Michelle Obama to men: “Y’all need to go talk to each other about your stuff”

Michelle Obama to men: “Y’all need to go talk to each other about your stuff”
Former first lady Michelle Obama speaks about finding your voice — and holding men accountable — in a conversation Wednesday at the Obama Summit in Chicago. Charles Rex Arbogast/AP
Former first lady Michelle Obama speaks about finding your voice — and holding men accountable — in a conversation Wednesday at the Obama Summit in Chicago. Charles Rex Arbogast/AP

In a wide-ranging discussion at the inaugural Obama Summit with poet Elizabeth Alexander, former first lady Michelle Obama on Wednesday called on men to hold one another accountable — and for parents not to “protect” boys too much.

“Y’all need to get you some friends,” Obama joked. Women “straighten each other out on some things ... Y’all need to go talk to each other about your stuff because there’s so much of it. It’s so messy. Talk about why y’all the way you are.”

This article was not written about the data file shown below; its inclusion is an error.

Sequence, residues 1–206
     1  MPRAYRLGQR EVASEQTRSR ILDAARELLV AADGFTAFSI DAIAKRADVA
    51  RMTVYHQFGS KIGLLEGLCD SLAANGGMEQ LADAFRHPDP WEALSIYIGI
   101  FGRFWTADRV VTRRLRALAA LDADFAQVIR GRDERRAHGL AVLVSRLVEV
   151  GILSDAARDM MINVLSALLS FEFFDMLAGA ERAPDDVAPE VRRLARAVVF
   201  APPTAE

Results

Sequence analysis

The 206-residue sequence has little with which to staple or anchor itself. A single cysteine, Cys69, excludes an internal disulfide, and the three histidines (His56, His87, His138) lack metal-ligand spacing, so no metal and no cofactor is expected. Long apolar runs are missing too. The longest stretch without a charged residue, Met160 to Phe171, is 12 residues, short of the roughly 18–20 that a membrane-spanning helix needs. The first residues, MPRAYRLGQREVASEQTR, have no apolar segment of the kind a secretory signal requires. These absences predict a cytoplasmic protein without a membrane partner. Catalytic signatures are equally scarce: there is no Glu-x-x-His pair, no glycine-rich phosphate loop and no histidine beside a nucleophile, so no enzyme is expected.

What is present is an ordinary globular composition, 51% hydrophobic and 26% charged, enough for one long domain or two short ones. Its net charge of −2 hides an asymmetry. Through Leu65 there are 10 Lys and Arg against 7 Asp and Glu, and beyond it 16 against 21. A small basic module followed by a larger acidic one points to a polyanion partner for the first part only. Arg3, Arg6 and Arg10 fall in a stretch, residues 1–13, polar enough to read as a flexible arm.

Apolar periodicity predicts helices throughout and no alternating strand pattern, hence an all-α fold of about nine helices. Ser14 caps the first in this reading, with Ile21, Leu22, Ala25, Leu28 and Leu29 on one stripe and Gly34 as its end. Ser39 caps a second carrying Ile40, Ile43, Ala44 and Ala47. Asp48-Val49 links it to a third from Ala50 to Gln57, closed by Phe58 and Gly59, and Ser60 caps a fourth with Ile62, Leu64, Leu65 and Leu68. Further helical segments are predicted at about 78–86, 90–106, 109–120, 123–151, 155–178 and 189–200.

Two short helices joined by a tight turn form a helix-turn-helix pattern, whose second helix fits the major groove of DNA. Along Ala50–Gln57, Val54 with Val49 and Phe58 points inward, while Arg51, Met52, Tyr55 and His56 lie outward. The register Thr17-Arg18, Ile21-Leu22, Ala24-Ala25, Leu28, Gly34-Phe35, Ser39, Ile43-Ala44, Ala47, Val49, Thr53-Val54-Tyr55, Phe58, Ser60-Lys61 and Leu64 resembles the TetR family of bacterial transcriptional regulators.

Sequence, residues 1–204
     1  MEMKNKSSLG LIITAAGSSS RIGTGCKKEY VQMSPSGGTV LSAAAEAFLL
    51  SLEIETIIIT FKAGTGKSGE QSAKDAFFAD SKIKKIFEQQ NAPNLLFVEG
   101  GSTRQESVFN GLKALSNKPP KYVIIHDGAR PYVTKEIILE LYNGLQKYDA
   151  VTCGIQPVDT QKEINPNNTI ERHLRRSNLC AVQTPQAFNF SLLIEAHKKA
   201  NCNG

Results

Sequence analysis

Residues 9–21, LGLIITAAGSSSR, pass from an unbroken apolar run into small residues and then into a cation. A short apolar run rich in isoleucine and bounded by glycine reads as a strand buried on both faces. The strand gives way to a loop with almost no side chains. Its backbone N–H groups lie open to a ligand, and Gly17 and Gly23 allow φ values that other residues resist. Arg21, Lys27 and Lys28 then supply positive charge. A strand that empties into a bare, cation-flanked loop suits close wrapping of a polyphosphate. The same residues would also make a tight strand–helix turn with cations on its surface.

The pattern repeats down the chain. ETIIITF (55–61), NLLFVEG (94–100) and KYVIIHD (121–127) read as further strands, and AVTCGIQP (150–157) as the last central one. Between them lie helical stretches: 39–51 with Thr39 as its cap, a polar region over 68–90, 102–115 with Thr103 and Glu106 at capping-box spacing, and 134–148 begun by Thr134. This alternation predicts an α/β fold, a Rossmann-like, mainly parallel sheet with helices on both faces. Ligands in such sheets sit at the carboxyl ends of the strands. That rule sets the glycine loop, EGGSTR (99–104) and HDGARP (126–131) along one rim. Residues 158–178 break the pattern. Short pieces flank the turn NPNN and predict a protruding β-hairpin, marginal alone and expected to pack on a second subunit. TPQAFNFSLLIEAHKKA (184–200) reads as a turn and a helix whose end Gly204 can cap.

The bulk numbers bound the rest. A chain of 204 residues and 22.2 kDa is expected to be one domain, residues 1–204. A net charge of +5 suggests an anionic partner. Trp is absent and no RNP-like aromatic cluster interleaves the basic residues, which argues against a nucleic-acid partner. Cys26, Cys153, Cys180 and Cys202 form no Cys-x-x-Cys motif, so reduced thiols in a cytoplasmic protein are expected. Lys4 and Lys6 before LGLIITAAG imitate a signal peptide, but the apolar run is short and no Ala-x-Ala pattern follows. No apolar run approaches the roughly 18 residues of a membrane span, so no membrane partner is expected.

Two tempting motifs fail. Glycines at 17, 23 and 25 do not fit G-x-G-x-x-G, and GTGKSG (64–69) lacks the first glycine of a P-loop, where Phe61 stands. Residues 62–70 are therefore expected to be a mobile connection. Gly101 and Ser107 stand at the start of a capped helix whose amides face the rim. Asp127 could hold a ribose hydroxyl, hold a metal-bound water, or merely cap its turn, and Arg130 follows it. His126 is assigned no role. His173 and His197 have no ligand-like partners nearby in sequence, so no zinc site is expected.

The comments, which were met with applause and laughter, came on day two of the Foundation Summit in Chicago — which former President Barack Obama on Tuesday described as a “big brainstorming session” for activists and organizers across the world.

In a conversation at the summit, Michelle Obama discussed her engagement with the arts, the importance of self-care and maintaining civil discourse, taking a veiled dig at President Donald Trump by saying that “you don’t tweet every thought.”

“Every word you utter has consequences,” she said. “Words matter at this level.”

But Obama repeatedly returned to the theme of empowering women to use their voice — and prevent boys from growing up to be “entitled” men.

“We love our boys and raise our girls,” she said. “We raise them to be strong and sometimes we take care not to hurt men, and I think we pay for that a little bit.

“Are we protecting our men too much so they feel a little entitled, a little self-righteous sometimes?”

By contrast, Obama suggested that young women are often not taught to use their voice and must be encouraged from an early age to speak their mind.

“It takes practice to have a voice,” she said. “It doesn’t just happen overnight.”

Speakers at the Obama Summit — which have included Prince Harry — have encouraged hands-on civic engagement and open dialogue among people with different viewpoints.

“Real change comes through persuasion and openness to others,” Barack Obama said Tuesday.